In addition to an introduction, the present book contains 14 chapters. Most of them represent elaborated text versions of contributions that were presented by the authors at a (nearly) eponymous conference held in Freiburg, Germany, on the 17.10.2014. As the book title announces, the chapter authors trace the development of parapsychological research in different countries. Usually they focusing on the more or usually less successful attempts to academicize and institutionalize parapsychology as a legitimate scientific discipline, but sometimes they cover also related aspects. The chapters include historical parapsychological treatises for Germany (Ulrich Linse, Anna Lux, Uwe Schellinger, Martin Schneider, Bernd Wedemeyer-Kolwe) including the GDR (Andreas Anton, Ina Schmied-Knittel, Michael Schetsche), France (Renaud Evrard), Great Britain (Elizabeth Valentine), Hungary (Júlia Gyimesi), the Netherlands (Ingrid Kloosterman), Russia in the Soviet and post-Soviet area (Birgit Menzel), and the USA (Eberhard Bauer, Anna Lux). The four chapters covering France, Great Britain, Hungary, and the Netherlands are written in English, the others in German. In the following, will briefly touch upon topics I found most interesting.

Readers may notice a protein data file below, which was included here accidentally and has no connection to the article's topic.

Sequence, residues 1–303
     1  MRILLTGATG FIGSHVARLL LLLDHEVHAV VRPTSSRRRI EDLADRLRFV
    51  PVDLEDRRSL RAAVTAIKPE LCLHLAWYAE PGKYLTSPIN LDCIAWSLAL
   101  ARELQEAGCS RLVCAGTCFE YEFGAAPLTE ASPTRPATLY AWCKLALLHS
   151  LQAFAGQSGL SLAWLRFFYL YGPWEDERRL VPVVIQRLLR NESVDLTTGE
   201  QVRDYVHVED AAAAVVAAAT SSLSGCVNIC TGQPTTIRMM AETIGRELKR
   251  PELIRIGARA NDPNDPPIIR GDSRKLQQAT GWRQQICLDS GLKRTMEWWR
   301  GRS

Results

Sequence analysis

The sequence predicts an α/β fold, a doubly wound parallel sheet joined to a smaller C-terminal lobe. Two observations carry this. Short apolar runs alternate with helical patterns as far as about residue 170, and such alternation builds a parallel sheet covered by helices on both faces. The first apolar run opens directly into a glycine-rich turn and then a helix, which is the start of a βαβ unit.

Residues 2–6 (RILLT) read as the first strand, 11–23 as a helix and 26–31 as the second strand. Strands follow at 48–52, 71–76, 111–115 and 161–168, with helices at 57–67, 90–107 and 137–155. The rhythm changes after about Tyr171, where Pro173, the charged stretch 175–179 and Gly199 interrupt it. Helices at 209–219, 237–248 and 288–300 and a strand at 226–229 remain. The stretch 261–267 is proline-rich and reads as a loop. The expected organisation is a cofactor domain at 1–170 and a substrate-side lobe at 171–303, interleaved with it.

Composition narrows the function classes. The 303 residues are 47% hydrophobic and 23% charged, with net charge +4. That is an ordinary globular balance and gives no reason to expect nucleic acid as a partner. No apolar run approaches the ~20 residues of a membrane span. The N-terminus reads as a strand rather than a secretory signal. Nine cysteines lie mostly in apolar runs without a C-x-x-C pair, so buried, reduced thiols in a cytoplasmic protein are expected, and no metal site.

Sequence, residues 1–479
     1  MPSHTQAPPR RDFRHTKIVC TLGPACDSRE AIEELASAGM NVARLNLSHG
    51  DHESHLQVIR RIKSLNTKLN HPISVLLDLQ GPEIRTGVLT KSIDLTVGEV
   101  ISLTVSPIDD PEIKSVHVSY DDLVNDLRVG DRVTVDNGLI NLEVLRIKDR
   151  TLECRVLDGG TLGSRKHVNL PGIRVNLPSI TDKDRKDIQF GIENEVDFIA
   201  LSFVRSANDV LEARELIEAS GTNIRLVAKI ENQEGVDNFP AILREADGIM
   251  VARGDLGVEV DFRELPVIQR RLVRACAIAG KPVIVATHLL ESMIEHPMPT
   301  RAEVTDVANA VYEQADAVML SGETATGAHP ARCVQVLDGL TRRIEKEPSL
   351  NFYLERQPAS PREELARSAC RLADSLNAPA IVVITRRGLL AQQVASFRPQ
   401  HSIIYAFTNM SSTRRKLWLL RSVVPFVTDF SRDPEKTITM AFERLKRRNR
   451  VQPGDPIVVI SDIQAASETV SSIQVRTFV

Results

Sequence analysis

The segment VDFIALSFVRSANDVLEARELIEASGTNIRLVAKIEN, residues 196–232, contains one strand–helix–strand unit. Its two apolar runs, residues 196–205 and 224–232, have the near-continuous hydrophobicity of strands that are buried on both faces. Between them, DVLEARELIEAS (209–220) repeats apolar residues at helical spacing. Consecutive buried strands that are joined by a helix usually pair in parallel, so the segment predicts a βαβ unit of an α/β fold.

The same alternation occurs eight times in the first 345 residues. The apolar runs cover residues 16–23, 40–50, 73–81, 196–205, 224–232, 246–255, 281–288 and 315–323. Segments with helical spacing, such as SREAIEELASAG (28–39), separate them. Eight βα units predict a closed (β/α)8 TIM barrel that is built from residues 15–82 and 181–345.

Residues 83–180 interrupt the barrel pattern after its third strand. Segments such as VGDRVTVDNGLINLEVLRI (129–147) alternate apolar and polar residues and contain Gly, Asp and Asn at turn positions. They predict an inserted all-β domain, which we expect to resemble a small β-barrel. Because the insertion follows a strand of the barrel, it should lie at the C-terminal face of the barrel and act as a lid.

Anna Lux from the university in Freiburg, Germany, identified several characteristic aspects of academic parapsychological work in Germany and compared them with those in the USA, which took place at about the same time and were more strongly focused on the experimental paradigm. She shows how different social circumstances and also private predilections of the main actors involved resulted in different developments. This also applies to the fate of parapsychology in the other countries mentioned, which is surprisingly multifaceted: While in the Netherlands the situation with official professorships at the University of Utrecht can be compared most closely to that of Germany where Hans Bender (1907-1991) held a professorship at the university of Freiburg, the academization of parapsychology in Hungary was hindered by an influential spiritualist and religious social current. In France, however, comparable efforts were mainly impeded by continued opposition of established scientists. After all, the private research institute “Institute Métapsychique International” (IMI) was founded in France in 1919, which has survived to this day despite adverse circumstances. Great Britain has always played a special role in Western parapsychology, mainly due to the foundation of the “Society for Psychical Research” as early as 1882, which is still considered an international figurehead for a constructive and critical examination of parapsychological topics. However, in Great Britain existed several other societies and “institutes”, which were often small and short-lived. It was not until 1985 that parapsychological research was able to gain a foothold at a British university for the first time through an endowed professorship in Edinburgh, held by Robert Morris (1942–2004) until 2004. From here, numerous graduates were able to carry the work on parapsychological research questions further to other universities.
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